The first osprey to return for the summer to England’s largest osprey colony has arrived safely back at Rutland Water.
Having completed the 3,000 mile return journey from the west coast of Africa where he spent the winter, the bird dropped in to the same nest he used last year on Sunday afternoon (March 20). The first bird back is a 14-year-old male bird, know as 03(97) but nicknamed ‘Mr Rutland’ in honour of his significant contribution to the population at the reservoir. He has raised 23 chicks with three different females since his first clutch in 2001. His return this year comes a day later than last year, and the same date that he came back in 2009. It’s hoped his mate will arrive back to join him in the next few days.
Ospreys return to the same nest site every year, and pair with the same bird every year until one of them dies or is displaced by another bird.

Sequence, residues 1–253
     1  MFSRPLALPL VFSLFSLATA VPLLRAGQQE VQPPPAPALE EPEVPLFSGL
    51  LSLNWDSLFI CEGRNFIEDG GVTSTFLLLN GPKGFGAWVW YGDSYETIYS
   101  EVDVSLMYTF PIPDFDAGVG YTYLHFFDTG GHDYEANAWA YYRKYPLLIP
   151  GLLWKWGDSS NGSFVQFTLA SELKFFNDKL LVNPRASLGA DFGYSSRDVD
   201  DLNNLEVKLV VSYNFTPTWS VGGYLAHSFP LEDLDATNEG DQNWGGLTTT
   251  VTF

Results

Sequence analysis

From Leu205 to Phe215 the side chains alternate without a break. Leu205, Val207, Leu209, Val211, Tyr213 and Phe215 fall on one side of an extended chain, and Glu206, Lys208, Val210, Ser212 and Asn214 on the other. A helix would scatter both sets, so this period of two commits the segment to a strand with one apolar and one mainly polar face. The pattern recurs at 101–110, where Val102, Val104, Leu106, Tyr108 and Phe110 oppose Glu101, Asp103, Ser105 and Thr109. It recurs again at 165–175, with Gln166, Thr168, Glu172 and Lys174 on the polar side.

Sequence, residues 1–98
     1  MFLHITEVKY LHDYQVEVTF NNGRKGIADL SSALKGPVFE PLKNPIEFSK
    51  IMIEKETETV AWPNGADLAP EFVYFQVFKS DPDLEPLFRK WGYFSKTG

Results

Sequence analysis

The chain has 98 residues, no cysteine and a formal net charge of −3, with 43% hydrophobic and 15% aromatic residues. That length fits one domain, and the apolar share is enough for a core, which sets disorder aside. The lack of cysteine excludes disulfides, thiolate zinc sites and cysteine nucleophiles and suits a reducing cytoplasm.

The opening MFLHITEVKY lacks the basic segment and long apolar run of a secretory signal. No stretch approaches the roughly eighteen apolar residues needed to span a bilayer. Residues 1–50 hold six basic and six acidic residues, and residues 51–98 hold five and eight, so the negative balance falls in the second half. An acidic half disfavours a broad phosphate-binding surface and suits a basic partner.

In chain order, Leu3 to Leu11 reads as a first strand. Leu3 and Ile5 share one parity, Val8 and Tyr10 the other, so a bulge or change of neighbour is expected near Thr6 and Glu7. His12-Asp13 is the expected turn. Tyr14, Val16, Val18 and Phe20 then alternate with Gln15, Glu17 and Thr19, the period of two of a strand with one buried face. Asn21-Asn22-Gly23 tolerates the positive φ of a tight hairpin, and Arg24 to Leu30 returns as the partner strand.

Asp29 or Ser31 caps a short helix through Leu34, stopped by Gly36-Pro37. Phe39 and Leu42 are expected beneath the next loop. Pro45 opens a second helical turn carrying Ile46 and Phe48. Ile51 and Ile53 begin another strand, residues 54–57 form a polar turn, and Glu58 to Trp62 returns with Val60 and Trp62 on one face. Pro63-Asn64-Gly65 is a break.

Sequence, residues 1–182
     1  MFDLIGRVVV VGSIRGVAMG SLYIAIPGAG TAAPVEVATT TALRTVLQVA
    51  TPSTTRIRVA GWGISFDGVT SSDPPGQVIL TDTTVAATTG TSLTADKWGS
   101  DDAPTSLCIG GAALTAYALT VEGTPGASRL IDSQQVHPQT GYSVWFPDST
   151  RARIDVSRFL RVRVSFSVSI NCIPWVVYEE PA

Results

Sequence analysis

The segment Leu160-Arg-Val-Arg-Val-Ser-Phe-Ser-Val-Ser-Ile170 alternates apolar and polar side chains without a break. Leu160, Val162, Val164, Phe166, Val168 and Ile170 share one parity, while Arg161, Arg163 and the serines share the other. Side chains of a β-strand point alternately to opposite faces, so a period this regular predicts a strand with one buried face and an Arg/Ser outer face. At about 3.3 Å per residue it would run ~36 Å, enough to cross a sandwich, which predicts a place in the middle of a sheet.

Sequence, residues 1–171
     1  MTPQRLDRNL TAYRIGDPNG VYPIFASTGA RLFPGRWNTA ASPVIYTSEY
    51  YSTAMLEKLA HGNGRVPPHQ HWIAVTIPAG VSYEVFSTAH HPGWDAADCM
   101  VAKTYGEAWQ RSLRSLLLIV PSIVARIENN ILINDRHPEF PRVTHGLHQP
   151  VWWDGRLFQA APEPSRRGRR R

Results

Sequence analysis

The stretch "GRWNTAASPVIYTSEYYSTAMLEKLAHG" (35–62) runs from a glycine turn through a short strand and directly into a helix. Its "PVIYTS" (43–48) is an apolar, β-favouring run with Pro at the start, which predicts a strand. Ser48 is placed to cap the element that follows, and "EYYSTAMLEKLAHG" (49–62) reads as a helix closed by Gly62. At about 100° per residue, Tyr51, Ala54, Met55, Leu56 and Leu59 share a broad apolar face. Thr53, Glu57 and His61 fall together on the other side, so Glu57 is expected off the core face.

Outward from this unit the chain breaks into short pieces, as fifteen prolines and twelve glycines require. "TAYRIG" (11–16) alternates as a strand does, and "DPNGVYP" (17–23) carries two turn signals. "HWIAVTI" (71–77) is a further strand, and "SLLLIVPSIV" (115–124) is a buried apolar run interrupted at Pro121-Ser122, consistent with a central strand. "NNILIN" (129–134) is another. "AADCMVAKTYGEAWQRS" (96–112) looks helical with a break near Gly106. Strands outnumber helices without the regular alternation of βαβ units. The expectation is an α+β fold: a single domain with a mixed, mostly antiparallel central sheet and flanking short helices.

The project, which is a partnership between the Leicestershire and Rutland Wildlife Trust and Anglian Water, released 64 Scottish ospreys at Rutland Water between 1996 and 2001. The first birds bred at Rutland in 2001 – including ‘Mr Rutland’ – marking the return of a species that had been missing from central England for over 150 years.
The visitor centre at Lyndon on the south shore of Rutland Water will now be open every day from 9am to 5pm. Volunteers will be on hand to tell the story of the osprey, and to show visitors where they are. Live pictures from a camera trained on a nest will also be beamed to the centre, so visitors can see in detail the drama of a young osprey family as it happens. The live pictures are also streamed to the project’s newly upgraded website www.ospreys.org.uk.
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